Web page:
Transport Problems in the EU

by Olav Næss, 2007-2013

Here are some comments to serious transport problems addressed in the white papers European transport policy for 2010 (from 2001) and Keep Europe moving (from 2006).

A central problem here was that the European Union is threatened with apoplexy (congestion) at the centre and paralysis at the extremities. I will recommend the beamway, a lightweight railway, (see picture below) as the solution to this double problem. It is also a more energy saving means of transport, and I will now point out various other benefits of this new technology.

It replaces the old single-level ground transport paradigm with a new multilevel paradigm. This can reduce the apoplexy (congestion) in central areas. In peripheral areas, the beamway goes above a quite undisturbed nature and agriculture areas. Conventional heavy rail will block and raze the nature 100 times more. More in the article The Beamway.

It is suitable for person and light cargo transport. Heavy transport will still be left to the old solutions like conventional trains, but these will now be able to devote themselves to the transport types most suitable for them.

Why should the capacity of the heavy rail be wasted on wagons carrying 70 passengers – weighting perhaps 7 tons – when a wagon could take at least 100 tons off the road instead? And why should the traditional 100 ton concept be chosen for high-speed passenger transport, when wagons are to carry just 7 tons?

When a railway tries to combine cargo and passenger transport, the heavy transport will obstruct and slow down the fast passenger transport.

Some possible lines in various countries.

Left: Two beamway trains. Right: Cross-section of 2C-beam with rubber wheels. Also air-cushion drive may be used for high speeds.

This beamway (lightweight rail) is needed when:

Central congestion

A paradigm shift must now come for ground traffic: Single-level traffic layout must be replaced by multilevel thinking, and the high-level parts of the ground traffic should not be heavy ground traffic on bridges, but be elevated lightweight rail.

The depicted beamway can go above conventional ground traffic, even in the undisturbed streets of an old city. And thanks to the elevator in the train/tram/bus, station buildings are not required. This is especially important in old cities.

The beamway can, of course, also go in underground tunnels, and can more easily be placed there than conventional railways can, because it is easier to reroute a beamway.

Special events, like olympic games, can get temporary beamway lines which can afterwards be removed without leaving a trace.

Peripheral traffic

Conventional railways are not a good solution for cross-country traffic either, because they require brutal ground levelling, and the tracks constitute a barrier, unless either expensive or dangerous crossings are used. The beamway, however, leaves the nature, farmlands etc. quite undisturbed, thus saving both money and the nature. It tolerates the natural unevenness, being able to compensate for several meters of height variations by just varying the length of its poles.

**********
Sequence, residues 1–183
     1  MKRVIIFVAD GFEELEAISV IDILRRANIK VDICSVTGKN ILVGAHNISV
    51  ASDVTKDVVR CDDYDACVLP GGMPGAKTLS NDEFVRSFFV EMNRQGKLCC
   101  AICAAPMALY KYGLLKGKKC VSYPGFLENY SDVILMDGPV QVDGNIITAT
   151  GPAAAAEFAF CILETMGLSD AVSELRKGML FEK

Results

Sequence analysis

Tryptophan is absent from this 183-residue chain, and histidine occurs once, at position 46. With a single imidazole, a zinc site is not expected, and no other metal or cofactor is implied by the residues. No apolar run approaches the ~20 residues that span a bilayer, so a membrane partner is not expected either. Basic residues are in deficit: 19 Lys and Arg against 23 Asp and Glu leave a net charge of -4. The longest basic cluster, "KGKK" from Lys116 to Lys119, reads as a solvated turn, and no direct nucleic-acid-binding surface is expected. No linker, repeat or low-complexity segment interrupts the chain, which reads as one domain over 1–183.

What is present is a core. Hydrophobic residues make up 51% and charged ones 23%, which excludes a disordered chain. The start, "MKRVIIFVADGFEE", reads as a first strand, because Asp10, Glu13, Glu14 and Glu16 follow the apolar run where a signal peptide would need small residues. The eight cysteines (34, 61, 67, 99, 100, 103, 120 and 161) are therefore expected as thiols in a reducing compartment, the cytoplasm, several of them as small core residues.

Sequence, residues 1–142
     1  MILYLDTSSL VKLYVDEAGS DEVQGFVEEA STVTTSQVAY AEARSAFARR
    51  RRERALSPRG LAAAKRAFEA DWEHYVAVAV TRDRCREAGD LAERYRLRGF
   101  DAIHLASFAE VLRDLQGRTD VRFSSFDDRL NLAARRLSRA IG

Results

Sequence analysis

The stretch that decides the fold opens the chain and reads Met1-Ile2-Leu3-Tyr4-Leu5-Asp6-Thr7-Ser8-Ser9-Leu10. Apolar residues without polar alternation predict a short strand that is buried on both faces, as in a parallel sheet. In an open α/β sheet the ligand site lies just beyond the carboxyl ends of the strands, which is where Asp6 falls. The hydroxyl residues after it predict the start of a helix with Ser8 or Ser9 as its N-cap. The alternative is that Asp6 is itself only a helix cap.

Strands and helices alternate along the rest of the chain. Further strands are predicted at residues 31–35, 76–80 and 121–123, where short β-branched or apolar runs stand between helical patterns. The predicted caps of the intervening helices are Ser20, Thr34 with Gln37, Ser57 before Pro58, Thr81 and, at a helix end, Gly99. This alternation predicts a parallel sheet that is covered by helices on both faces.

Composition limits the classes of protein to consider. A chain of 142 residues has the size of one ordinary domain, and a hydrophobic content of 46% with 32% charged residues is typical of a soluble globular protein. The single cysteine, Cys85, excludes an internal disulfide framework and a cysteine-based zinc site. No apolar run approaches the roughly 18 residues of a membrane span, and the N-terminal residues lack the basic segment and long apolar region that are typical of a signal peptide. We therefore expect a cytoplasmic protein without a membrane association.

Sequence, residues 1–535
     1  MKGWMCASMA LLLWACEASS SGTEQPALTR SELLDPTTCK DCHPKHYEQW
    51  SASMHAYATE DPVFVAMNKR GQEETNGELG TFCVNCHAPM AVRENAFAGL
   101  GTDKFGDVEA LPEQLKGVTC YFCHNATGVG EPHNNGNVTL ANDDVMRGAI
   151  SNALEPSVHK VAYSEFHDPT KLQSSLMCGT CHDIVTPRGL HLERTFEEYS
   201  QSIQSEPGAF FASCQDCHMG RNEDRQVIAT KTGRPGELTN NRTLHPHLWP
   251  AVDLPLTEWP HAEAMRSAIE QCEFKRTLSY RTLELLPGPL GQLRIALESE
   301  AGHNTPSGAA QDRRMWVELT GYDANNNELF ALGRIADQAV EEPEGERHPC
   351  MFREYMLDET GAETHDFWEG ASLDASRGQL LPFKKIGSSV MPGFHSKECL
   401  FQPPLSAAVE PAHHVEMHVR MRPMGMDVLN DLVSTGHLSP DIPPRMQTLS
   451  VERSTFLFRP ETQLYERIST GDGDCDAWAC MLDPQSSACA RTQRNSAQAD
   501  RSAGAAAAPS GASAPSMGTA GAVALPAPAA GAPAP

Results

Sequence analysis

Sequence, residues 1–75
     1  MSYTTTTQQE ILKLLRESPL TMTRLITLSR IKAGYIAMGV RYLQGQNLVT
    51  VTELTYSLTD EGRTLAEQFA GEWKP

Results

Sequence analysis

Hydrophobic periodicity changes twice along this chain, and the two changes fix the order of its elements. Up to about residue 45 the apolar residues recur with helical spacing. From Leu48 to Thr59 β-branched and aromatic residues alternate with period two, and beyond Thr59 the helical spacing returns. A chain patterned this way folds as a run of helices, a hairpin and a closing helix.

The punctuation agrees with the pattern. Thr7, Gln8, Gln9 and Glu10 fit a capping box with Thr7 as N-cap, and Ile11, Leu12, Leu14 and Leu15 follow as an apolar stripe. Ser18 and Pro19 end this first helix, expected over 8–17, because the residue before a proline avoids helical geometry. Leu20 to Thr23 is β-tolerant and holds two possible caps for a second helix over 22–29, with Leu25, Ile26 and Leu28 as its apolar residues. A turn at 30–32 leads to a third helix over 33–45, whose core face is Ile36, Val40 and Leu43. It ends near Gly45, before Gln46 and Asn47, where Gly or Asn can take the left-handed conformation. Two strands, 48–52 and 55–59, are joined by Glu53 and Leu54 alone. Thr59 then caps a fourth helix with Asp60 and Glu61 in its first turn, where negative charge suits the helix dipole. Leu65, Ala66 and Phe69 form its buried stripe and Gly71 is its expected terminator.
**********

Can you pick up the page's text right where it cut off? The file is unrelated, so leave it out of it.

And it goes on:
Such a railway can simply follow existing roads, also over their bridges, but be able to take many shortcuts. It could be built through existing road tunnels, in which the train would behave like a bus. Or it could get its own tunnels next to the road tunnels – which now have got free escape routes. If the beam is held by racks standing upon the ground, the whole railway can be displaced to the side in case of new tunnels or other rerouting causes.

When traffic needs a long tunnel – perhaps a submerged floating tunnel – it will be expensive to make this for cars in peripheral areas with little traffic, because cars need a wide and well ventilated tunnel. The beamway, however, can transport the cars through a (<4 meter diameter) tunnel or tube without creating pollution there. And it can do this in a much safer, well coordinated manner, without the need for complicated rescue operations in case of an accident.

Boats in remote districts are expensive to replace with railways or roads, but can become less awkward if passenger cabins are transferred between them and beamway trains.

Low-traffic remote lines can still be economic when they can run automatically (without a driver/conductor) like an elevator. (The suspended monorails in Dortmund and Düsseldorf are running automatically, without a driver.) It is important for small towns that they can do without skilled train drivers, and that they needn't struggle with removing snow from railway lines.

Expensive road traffic infrastructure in sparsely populated areas needn't be duplicated for railways, but can simply get an additional use.

What is new?

Similar suspended monorails are in use for short-distance lines various places in Germany and Japan, but I am suggesting many improvements on my website Five improvements are particularly important:

Technology development

There is no need to commit to a full infrastructure change. Beamway development may be justified by merely one or a few of the above-mentioned application areas.